All of this amazed me, a complete turnaround and off the hook! I was pleased that I didn’t have to look over my shoulder any more. I did wonder about, “magical and empowered by the spirits”?


I had a job as kitchen manager at a local Best Western, which left me little time to think of anything outside of my job. Carrie, Roger and I (the drummer) continued to play on the weekends within a fifty mile circle of Pelican. The kitchen manager job allowed me to feed my own bunch, and playing in the band helped me keep a little cash in my pocket.

I was now blessed with unexpected occurrences that happened at seemingly regular intervals. I would find bundles of fresh killed game (deer, rabbits, and buffalo), softened leather moccasins, and robes on my doorstep. There would be piles of driftwood neatly stacked by my door, although I didn’t have a fireplace. One day, I opened my front door to see a ceremonial drum setting in the new snow on my porch, not a footprint to be seen.

I accepted these gifts as a continuation of my bizarre relationship with the Human Beings. I’d never gone back to their lands since the campfire incident, but they had visited me on my property, I had guessed.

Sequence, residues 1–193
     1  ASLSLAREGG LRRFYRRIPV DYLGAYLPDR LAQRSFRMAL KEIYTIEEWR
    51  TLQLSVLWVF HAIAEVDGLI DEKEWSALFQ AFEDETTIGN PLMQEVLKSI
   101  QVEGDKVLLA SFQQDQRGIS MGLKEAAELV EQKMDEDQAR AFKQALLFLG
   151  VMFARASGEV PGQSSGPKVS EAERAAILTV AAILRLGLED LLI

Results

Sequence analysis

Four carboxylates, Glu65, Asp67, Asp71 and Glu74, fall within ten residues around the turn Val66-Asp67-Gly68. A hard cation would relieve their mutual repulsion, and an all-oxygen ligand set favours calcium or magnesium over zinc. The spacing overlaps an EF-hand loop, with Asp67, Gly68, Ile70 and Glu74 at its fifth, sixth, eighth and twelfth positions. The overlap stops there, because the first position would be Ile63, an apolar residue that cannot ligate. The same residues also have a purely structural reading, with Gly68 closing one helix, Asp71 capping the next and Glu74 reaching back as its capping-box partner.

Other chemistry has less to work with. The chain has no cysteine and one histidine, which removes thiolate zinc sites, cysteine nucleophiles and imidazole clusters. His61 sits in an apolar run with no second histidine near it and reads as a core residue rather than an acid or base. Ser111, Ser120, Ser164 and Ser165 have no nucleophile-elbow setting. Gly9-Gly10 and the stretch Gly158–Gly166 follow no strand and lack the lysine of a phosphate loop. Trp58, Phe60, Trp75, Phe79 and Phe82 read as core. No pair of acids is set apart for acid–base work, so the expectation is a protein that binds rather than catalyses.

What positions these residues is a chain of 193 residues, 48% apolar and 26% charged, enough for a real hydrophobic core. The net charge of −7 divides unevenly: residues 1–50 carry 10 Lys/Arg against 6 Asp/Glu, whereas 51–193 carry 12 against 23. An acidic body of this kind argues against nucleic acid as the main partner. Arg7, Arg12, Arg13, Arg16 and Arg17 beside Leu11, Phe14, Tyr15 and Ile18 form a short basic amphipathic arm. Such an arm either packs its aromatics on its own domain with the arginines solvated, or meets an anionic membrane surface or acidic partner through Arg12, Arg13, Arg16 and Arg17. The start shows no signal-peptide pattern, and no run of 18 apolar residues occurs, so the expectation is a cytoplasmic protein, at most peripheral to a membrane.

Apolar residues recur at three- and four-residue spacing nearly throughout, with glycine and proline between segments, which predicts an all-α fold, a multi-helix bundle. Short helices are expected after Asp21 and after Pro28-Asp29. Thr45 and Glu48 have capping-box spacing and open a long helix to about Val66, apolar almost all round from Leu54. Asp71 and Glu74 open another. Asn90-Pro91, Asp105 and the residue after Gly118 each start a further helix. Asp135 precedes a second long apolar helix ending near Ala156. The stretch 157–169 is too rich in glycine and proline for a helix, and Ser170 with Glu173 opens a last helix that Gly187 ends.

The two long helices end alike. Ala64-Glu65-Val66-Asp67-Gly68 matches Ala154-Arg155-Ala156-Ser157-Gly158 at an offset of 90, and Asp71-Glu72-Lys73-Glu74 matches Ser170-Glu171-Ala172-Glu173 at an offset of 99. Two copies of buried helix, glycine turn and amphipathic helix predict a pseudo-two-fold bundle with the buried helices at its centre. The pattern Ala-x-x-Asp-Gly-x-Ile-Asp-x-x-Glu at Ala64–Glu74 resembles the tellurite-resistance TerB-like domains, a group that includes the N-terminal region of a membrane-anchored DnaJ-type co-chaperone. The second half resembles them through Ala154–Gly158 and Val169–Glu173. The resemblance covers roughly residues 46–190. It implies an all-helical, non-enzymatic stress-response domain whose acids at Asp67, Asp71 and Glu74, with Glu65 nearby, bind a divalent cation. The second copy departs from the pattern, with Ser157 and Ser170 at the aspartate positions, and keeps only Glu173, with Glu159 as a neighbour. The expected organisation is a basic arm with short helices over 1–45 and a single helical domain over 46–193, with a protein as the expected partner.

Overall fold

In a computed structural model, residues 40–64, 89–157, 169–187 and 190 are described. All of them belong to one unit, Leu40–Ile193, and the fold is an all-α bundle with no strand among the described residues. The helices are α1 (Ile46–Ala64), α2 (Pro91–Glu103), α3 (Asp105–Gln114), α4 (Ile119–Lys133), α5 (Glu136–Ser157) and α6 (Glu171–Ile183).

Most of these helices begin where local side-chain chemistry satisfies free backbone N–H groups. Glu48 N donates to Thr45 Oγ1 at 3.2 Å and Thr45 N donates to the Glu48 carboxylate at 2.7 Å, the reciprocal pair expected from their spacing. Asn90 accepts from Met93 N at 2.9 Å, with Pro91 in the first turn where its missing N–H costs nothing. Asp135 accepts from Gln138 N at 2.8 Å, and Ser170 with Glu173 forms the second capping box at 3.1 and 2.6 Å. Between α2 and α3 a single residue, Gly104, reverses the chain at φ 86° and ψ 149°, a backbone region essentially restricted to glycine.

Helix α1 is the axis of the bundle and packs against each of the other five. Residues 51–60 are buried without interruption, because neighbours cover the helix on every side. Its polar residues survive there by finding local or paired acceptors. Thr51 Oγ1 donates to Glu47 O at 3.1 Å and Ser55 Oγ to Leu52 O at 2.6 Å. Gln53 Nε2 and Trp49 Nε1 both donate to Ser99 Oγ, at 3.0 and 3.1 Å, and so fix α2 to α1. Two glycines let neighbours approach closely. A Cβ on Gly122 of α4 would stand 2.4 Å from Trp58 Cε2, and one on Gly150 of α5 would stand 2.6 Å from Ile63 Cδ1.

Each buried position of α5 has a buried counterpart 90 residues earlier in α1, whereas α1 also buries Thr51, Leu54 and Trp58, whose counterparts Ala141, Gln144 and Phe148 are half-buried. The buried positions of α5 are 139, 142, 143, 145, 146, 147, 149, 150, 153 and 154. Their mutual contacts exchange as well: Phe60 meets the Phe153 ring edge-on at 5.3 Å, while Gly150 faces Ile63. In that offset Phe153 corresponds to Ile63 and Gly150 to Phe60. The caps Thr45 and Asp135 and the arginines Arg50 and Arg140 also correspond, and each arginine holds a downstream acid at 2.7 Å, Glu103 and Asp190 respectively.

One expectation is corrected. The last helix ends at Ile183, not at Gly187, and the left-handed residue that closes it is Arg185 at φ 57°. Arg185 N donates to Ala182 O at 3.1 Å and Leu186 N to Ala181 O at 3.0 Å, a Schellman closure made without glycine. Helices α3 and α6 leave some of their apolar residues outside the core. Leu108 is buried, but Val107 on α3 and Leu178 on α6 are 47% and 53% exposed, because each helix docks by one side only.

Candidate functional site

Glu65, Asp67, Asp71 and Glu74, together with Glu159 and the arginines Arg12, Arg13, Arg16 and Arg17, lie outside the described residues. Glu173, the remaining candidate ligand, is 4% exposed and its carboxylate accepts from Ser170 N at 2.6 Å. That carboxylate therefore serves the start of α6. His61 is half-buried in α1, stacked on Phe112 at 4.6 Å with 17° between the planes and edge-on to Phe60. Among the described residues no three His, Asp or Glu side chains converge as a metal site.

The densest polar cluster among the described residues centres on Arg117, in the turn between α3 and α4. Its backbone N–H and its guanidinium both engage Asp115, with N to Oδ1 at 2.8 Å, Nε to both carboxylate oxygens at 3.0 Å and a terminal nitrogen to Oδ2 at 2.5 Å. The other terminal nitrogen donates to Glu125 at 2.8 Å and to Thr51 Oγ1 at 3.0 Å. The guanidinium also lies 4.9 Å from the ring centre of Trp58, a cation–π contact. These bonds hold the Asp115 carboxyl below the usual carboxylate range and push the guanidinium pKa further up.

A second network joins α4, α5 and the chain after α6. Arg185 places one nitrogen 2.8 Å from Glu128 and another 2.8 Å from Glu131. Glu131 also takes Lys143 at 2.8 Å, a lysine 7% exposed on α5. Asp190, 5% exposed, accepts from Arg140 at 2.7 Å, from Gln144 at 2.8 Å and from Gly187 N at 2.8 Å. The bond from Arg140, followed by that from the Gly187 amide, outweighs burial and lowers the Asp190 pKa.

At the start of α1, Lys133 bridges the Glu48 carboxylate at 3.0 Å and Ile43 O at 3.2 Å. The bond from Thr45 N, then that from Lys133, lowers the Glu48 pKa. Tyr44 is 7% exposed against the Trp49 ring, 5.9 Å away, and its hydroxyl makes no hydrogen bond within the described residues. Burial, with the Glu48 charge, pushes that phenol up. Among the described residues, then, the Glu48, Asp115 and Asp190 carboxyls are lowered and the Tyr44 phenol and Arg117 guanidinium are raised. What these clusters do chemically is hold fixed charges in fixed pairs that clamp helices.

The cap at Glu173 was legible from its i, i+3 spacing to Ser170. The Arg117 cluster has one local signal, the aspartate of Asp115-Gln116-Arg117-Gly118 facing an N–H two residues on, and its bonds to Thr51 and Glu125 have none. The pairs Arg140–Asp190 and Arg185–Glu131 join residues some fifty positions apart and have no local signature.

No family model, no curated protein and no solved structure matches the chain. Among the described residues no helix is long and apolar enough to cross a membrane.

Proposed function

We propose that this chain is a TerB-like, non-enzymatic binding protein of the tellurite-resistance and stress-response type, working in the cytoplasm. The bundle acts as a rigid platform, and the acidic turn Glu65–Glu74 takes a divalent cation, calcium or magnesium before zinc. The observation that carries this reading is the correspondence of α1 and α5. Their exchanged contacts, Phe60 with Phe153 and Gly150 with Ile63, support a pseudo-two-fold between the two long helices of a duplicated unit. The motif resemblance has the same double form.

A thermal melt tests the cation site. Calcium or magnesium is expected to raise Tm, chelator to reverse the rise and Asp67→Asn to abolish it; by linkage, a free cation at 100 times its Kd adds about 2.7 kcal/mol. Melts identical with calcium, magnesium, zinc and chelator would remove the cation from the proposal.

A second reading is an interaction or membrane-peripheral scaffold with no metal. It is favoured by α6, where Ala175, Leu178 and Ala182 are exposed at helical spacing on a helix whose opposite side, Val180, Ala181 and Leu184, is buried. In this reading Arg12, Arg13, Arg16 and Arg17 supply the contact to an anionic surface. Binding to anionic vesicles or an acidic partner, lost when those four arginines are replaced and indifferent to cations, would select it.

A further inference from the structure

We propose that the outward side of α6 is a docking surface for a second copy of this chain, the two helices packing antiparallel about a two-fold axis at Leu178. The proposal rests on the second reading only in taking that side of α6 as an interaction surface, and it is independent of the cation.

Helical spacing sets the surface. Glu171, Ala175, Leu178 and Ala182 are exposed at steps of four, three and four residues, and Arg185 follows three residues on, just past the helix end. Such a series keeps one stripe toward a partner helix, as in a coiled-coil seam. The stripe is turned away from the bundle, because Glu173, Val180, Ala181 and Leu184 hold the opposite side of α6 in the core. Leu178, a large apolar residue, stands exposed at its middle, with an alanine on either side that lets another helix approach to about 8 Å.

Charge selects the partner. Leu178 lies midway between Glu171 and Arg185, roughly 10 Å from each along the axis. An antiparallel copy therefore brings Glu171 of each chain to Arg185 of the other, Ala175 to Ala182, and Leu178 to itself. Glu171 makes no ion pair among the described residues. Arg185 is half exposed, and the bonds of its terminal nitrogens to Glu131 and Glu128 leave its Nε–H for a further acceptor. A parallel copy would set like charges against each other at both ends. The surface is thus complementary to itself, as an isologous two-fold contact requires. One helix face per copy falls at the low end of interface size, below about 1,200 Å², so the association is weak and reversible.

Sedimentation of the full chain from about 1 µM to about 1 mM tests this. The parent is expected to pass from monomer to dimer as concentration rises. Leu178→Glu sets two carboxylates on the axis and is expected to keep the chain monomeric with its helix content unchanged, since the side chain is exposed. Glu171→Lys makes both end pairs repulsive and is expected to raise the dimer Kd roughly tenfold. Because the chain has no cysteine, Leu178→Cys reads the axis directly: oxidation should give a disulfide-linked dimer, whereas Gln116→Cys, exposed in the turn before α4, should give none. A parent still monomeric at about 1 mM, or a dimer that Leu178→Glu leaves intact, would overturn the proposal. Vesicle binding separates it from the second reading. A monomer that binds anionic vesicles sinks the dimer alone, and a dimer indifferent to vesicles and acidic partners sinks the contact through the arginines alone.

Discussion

I love venison and took it and the other meat to the butcher shop not far from my home. I was assured it was all fresh and edible. The owner, an amateur relic collector, loved the buffalo robes and the deerskin moccasins, and I kept one of everything for myself.

The processing of the wild game didn’t cost a cent. All was good, and I let it ride as one of the mysteries of my life. I’d had a long life of precognitive visions and Deja Vous.

I had an aunt that knew ahead of time I was coming for a visit. She was a curious, athletic, red haired single woman who looked like Brenda Starr in the comics. An artist, she’d married once, but said her husband left because he felt overpowered. I’d heard from others in the family that, because of the stories, she had a reputation as an untouchable icon of womanhood by men.